A low whine chokes in your throat as the boy pets your tail from base to tip, slow and evenly, you feel a shiver run up your spin, and your back arches, as if presenting him with more of you to touch. You fight back into control and quickly turn over again, this time facing the boy, and at once his hands go for your ears, a no less intense target but more manageable. You shut your eyes, and try to doze off in the warm autumn weather, after some time, a warm body snuggles up close to you.
He came again tomorrow, staring at you from behind an oaken tree, acting as if you couldn’t see him once again, like before. You try to ignore him. Instead focusing on your own tasks at hand. Grooming and rest- busy over nothing. It doesn’t work out so well. The moment you shut your eyes, soaking up the early morning sun as it sprinkles down through the canopy, you feel small hands kneading your belly, palming your toned core incessantly.
It is enough to earn a grunt from you, opening your eyes and staring down at the boy, trying to menace him away. He only returns your stare with one of those innocent and unreadable looks, bright eyes wide, mouth pursed shut in demanding curiosity. You huff, looking away from the innocence. Again, you are old, you are unlike the young-bloods; they would savage this child’s body in an instant. You make room, scooting over, and the boy plops down next to you under the shade of the birch.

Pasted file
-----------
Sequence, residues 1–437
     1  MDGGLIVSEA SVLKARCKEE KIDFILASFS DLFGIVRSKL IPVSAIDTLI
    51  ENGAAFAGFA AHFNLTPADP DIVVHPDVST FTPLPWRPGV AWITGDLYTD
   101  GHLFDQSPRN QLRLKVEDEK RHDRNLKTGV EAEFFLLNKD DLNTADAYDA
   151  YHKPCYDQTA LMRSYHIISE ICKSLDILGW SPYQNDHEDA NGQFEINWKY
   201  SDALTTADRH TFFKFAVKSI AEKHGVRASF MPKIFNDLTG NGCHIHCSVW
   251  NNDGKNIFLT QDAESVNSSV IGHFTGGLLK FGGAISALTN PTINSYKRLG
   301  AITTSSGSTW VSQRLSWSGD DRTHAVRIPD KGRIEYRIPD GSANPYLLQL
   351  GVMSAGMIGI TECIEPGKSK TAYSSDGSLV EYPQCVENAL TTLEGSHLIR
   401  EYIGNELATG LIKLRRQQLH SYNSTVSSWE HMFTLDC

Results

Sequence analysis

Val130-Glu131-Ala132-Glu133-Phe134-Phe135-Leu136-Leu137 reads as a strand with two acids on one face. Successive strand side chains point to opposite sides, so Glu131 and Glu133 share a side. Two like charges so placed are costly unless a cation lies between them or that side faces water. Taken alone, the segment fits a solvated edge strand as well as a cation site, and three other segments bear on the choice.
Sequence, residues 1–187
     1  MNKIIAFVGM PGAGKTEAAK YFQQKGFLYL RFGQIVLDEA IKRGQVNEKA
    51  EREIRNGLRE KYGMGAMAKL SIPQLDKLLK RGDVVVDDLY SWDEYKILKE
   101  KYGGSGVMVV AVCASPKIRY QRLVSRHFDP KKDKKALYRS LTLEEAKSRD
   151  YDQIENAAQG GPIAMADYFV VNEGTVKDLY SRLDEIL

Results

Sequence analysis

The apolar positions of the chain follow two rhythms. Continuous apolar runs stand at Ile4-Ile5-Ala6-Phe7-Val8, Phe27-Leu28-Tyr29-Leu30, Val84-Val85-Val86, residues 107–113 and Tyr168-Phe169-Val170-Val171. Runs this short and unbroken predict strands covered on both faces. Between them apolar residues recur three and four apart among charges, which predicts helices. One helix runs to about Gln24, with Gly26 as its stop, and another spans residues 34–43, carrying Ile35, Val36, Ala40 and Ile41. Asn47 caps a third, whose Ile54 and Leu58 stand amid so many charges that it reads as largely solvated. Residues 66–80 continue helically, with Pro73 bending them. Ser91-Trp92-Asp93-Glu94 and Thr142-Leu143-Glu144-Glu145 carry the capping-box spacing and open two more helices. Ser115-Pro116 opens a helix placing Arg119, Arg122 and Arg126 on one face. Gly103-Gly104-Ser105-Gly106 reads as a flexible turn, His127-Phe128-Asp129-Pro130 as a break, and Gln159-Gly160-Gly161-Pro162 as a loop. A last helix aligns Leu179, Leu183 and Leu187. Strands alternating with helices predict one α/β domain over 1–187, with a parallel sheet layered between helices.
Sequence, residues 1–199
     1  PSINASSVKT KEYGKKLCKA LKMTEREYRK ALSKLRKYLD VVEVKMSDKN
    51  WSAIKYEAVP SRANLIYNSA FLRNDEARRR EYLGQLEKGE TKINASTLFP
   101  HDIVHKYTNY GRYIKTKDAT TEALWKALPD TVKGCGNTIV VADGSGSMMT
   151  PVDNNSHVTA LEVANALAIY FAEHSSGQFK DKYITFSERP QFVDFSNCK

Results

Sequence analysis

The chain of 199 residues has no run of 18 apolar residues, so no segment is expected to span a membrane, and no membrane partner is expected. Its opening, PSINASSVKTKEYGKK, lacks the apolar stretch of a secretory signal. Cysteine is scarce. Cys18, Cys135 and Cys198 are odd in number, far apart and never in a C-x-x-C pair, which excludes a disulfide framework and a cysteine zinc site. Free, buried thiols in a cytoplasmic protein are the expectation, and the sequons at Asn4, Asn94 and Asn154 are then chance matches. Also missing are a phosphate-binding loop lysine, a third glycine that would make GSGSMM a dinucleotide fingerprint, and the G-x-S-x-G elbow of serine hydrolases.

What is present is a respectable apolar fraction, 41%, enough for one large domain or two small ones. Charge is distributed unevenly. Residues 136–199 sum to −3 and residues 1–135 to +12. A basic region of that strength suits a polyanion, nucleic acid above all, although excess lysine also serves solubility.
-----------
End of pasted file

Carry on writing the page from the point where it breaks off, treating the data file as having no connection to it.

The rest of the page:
The air is fragrant with a new harvest, and the smell of the ocean is hinted on the wind coming in from the distant coastline. There are bird songs and beetle chirrups, the grass rustles and clouds float placidly upon a blue canvas. You’ve become adept at ignoring the boy, able to focus on your own tasks and let him reside by you, his curious gaze unobtrusive towards your concentration.
Later that day, you are at a river, and the boy is watching you fish. You are knee deep in the flowing current; your tail is raised, trying to keep clear of the water, as your hands remained poised just above the surface, razor claws glistening with fresh wetness. You are poised and focused, look for the slivers just under the surface, the betrayal of flashing scales. You’ve had several failed attempts so far, this is a technique that is not natural to you, but you’ve seen it done, and right now you’ll try whatever you can get. Your belly is running on empty. The boy is watching you from the rivers edge, he stifles his laughter whenever you miss and end up only splashing yourself, it stokes your ire but you cannot remain mad for long.